This is a transcript of the video below. This was presented at the Catholic Social Media Summit 2020.
Social Media is P2P not B2B. Social media is about person-to-person communications and not business-to-business. You are connecting with real people—not “avatars” or “users”. Social media is not the usual parish bulletin board. When you use your social media, think that you are talking to a person: Tell them about what you’re doing through your posts. Twitter asks: What’s happening while Facebook asks what’s on your mind? Your focus should be on helping your community.
Social media is a great way to find the people meant for your ministry. You can find the hashtags used by the people whom you want to minister to. For example, if your social media focuses on religious practices such as devotions, then go to search and type #CatholicDevotions and it can give you leads on the people whom you want to target. If your social media targets your parishioners, then you can use #CamaligParish #JohnTheBaptistParishCamaligAlbay to bring people from the town of Camalig, Albay to your social media account.
Some Ways to Use Social Media: Engagement and Regularity
Social media can host a chat to engage your followers. You can use the chats to answer people’s biggest questions pertinent to your social media account like inquiries, faith questions, pleas for help, even the schedule of your masses.
You can also educate them about an important issue that matters. Or, you can use them for brainstorming. After the chat, it is beneficial to post a summary of the conversation, or an update of the course of action you’ve taken listening to their various opinions and ideas.
That way you can encourage them to join you in the next conversation and you know that your course of action is anchored on the context of the people.
Consistency and Regularity. Social media will require consistency and regularity. You’ll have a hard time generating followers in your social media if you post once in a while and then disappear until your next tweet, post, or promotion. You have to be consistent to have conversations, grow your following, share your content and help others. Regular can mean daily, three times a week, even weekly. But not too long that you’ll lose their attention.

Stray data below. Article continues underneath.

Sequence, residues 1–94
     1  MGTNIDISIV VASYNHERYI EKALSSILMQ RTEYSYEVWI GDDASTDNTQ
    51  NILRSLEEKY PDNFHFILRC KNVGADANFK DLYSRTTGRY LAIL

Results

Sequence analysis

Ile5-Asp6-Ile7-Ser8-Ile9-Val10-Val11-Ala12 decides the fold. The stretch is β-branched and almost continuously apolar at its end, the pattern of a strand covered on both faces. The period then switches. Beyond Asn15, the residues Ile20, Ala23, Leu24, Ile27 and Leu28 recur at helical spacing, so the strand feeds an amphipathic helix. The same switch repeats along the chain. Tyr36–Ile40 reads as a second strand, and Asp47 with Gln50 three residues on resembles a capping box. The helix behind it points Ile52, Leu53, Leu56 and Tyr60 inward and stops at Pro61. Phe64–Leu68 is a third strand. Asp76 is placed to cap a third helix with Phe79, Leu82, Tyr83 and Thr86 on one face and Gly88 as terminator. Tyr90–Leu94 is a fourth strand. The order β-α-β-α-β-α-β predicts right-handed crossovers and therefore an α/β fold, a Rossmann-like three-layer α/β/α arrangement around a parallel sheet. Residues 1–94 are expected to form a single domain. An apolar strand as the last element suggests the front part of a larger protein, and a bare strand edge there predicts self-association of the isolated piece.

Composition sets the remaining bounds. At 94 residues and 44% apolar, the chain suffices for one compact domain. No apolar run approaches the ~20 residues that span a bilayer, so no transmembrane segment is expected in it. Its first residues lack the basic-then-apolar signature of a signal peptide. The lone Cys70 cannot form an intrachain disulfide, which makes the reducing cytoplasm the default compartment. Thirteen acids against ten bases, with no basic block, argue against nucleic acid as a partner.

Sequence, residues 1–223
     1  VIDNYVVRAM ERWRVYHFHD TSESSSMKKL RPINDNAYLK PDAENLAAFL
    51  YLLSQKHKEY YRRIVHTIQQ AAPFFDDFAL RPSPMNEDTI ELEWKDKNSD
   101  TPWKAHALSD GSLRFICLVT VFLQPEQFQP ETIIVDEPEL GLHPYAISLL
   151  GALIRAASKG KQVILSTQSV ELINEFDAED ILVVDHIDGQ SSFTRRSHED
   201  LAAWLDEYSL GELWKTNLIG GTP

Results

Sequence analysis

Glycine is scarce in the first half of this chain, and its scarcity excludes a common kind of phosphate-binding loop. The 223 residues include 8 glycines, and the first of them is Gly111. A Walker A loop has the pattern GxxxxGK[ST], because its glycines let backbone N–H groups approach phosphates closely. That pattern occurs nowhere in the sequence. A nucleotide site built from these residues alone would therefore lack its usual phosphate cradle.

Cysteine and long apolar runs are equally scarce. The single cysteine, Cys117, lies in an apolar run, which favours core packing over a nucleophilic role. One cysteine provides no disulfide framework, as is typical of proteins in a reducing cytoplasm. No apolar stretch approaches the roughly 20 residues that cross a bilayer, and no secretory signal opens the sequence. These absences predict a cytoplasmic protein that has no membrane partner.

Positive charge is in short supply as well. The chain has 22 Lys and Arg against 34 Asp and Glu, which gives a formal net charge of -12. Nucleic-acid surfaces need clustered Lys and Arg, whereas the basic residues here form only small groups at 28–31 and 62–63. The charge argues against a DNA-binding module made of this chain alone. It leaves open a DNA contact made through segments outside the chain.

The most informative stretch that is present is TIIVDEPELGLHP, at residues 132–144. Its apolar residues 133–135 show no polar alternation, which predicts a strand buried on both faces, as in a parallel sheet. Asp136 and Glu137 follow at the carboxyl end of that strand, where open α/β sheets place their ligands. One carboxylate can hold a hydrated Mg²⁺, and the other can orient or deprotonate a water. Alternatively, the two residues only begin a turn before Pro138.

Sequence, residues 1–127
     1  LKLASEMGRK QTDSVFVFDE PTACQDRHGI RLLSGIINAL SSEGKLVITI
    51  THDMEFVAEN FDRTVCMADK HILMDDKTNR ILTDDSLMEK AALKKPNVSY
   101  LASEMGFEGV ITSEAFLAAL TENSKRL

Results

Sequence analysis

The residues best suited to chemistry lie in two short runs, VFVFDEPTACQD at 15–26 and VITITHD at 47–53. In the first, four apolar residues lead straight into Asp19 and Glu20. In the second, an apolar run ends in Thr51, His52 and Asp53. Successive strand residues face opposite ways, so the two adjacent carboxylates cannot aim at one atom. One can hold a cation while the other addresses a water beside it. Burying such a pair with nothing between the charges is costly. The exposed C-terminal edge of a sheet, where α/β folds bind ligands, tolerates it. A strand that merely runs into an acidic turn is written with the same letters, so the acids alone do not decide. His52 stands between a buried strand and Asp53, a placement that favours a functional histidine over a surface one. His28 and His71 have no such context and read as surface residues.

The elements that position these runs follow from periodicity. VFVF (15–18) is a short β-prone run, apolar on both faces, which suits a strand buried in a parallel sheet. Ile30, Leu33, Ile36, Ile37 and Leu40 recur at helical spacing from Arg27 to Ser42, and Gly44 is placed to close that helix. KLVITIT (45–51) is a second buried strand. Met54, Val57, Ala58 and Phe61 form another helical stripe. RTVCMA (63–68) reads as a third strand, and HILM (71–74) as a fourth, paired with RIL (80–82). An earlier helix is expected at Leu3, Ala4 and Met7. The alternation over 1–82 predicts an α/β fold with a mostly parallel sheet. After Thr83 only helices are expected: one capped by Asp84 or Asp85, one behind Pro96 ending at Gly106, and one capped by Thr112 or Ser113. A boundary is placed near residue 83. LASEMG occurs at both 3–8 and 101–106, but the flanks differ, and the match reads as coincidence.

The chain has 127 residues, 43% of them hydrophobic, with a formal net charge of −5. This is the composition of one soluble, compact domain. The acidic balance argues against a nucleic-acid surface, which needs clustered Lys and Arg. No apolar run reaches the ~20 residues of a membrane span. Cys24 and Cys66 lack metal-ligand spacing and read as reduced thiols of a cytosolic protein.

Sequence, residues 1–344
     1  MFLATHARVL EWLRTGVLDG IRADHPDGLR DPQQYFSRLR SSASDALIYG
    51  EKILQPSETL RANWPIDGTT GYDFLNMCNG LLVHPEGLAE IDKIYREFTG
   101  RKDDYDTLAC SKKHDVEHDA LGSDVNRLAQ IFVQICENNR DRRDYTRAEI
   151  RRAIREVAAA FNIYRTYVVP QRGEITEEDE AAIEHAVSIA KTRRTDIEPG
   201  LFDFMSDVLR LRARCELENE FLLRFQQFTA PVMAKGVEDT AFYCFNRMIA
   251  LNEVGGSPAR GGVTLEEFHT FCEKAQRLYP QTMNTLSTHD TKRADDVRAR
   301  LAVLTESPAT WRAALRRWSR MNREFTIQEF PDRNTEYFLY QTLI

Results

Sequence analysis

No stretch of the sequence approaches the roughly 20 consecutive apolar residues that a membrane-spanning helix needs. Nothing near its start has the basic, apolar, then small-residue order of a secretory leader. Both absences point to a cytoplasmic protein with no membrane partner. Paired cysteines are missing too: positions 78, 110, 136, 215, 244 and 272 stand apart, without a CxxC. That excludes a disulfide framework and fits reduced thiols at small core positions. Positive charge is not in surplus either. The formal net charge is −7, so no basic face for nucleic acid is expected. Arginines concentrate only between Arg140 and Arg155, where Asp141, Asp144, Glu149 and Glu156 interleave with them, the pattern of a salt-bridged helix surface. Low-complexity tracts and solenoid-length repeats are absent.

There are many applications that can schedule your posts so that you don’t have to open your social media every day. I use Plann or Planoly or even Hootsuite to schedule my posts. And oh, do not barrage them with successive posts. It annoys people who follow you because you dominate their feeds.
The New Mission
I have long been in social media. I committed a lot of mistakes. I was banned and trolled. I got into the ire of my Jesuit superiors and my brothers. However, these mistakes helped me study, observed and pushed me to know more about the new “mission area” then Pope Benedict XVI reiterated in his message at the 43rd World Communications Day. He wrote:
“These technologies are truly a gift to humanity and we must endeavor to ensure that the benefits they offer are put at the service of all human individuals and communities especially those who are most disadvantaged and vulnerable.”Pope Emeritus Benedict XVI, 43rd World Communications Day
In my years of experience, there are many ways to use social media, but not all ways fit a person with a mission to serve people and communities.